My father used to say that every page that you read in a scientific journal, book or magazine should be worth $1, adding to your knowledge of how to solve specific problems by leveraging the talents of others. Over the years I'd like to think that the pages ofVision Systems Design magazine have somewhat lived up to his expectations. At the same time, however, I have learned that some pages are worth more than others. Last month, my belief in this was confirmed after I received a copy of a new book published by Apress (New York, NY, USA; www.apress.com).
Although his book "Computer Vision Metrics - Survey, Taxonomy and Analysis" is somewhat awkwardly titled, Scott Krig, founder of Krig Research (www.krigresearch.com) has written a book unlike any other on the subject of image processing I have ever read. Is it full of the mathematical formulations found in classics such as "Digital Image Processing" by Gonzalez and Wintz (http://amzn.to/1rznwlK) or Jain's "Fundamentals of Digital Image Processing" (http://amzn.to/1rOOJ6m)? It is not. Does it cost the hundreds of dollars commanded by these worthy tombs? I am happy to report that it does not. It is free of charge from his publisher at http://www.apress.com/9781430259299.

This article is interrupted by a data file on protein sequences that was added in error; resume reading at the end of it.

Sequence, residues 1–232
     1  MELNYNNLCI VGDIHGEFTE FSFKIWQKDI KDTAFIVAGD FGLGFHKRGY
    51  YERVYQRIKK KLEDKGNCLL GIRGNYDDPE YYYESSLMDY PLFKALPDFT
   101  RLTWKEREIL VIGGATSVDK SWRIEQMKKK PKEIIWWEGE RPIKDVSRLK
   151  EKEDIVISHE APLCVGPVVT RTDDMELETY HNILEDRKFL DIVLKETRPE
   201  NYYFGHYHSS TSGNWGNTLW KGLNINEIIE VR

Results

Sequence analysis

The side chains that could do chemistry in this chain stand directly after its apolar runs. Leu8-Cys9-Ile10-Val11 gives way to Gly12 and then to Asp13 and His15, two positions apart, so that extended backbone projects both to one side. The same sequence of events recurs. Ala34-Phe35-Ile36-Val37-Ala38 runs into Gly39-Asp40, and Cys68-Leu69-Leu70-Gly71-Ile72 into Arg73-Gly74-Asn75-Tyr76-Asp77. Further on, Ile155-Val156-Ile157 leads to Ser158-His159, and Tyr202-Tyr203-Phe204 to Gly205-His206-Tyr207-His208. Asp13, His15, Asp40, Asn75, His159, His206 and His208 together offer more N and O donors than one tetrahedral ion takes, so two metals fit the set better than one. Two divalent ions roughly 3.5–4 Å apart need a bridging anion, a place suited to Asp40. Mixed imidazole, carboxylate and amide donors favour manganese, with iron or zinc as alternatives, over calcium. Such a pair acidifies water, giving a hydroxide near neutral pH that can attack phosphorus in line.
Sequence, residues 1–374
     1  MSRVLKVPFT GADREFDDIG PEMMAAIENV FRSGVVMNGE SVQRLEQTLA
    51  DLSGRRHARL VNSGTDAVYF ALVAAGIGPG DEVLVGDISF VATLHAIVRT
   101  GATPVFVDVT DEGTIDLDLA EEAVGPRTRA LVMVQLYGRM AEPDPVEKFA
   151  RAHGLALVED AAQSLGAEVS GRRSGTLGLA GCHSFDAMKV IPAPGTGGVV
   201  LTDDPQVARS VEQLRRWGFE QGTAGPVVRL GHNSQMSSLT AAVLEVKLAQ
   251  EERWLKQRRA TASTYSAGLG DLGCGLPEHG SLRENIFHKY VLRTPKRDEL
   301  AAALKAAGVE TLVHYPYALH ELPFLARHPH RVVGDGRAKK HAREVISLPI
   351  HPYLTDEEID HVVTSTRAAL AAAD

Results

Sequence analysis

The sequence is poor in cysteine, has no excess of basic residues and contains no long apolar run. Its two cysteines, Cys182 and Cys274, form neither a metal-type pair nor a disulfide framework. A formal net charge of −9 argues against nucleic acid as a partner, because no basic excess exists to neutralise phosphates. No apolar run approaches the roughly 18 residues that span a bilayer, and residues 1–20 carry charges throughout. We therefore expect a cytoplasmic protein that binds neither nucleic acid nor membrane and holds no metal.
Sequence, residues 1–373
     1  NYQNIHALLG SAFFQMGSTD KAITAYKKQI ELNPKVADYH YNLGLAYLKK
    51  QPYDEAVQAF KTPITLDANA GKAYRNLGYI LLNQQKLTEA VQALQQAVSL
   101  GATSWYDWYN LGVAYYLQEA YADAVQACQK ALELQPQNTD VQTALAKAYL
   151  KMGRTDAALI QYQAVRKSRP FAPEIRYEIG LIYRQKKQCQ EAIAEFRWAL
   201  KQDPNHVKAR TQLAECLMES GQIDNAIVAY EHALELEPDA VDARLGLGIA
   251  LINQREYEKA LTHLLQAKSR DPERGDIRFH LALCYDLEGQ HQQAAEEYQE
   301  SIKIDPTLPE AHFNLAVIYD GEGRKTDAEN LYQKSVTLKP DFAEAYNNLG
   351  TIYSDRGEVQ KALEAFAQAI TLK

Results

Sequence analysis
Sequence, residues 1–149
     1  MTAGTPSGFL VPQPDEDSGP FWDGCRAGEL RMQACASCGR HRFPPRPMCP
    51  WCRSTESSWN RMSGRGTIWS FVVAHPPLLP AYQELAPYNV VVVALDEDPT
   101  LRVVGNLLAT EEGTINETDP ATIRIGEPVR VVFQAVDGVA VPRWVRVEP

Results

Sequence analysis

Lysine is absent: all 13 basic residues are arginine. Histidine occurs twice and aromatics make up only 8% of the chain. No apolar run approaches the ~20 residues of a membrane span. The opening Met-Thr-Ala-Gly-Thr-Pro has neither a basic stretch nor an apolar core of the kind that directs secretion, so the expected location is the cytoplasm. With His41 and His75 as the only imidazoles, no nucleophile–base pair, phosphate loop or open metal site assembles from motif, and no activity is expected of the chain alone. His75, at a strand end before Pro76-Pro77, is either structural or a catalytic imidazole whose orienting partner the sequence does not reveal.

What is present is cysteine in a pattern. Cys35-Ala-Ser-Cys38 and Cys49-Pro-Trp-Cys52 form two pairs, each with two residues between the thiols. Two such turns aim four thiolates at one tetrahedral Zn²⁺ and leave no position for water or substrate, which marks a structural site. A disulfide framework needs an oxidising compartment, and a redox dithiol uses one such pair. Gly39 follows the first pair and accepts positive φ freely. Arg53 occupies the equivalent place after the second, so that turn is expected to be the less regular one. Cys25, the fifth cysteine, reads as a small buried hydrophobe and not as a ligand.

Why then is this book worth reading? First, it assumes that the reader is familiar with the basic principles of image processing and machine vision. Further, a description of the typical hardware components -lenses, lighting, frame grabbers, PLCs and monitors used in such systems is not included. This is a software-centric publication.
In essence, this nearly 500 page paperback (I was sent the printed version) sums up just about every algorithm I have ever heard of - including my favorite - the Mahalanobis distance! Better yet, the over 500 references in the publication draws readers into further research should they wish to do so.
Scott Krig's book should be on every software engineer's shelf (or computer). He is to be commended for such a fine publication. Why his publisher, Apress, offers this publication free of charge, however, one can only guess. I would have paid $100, although that is still less than the $1 per page my father would have recommended.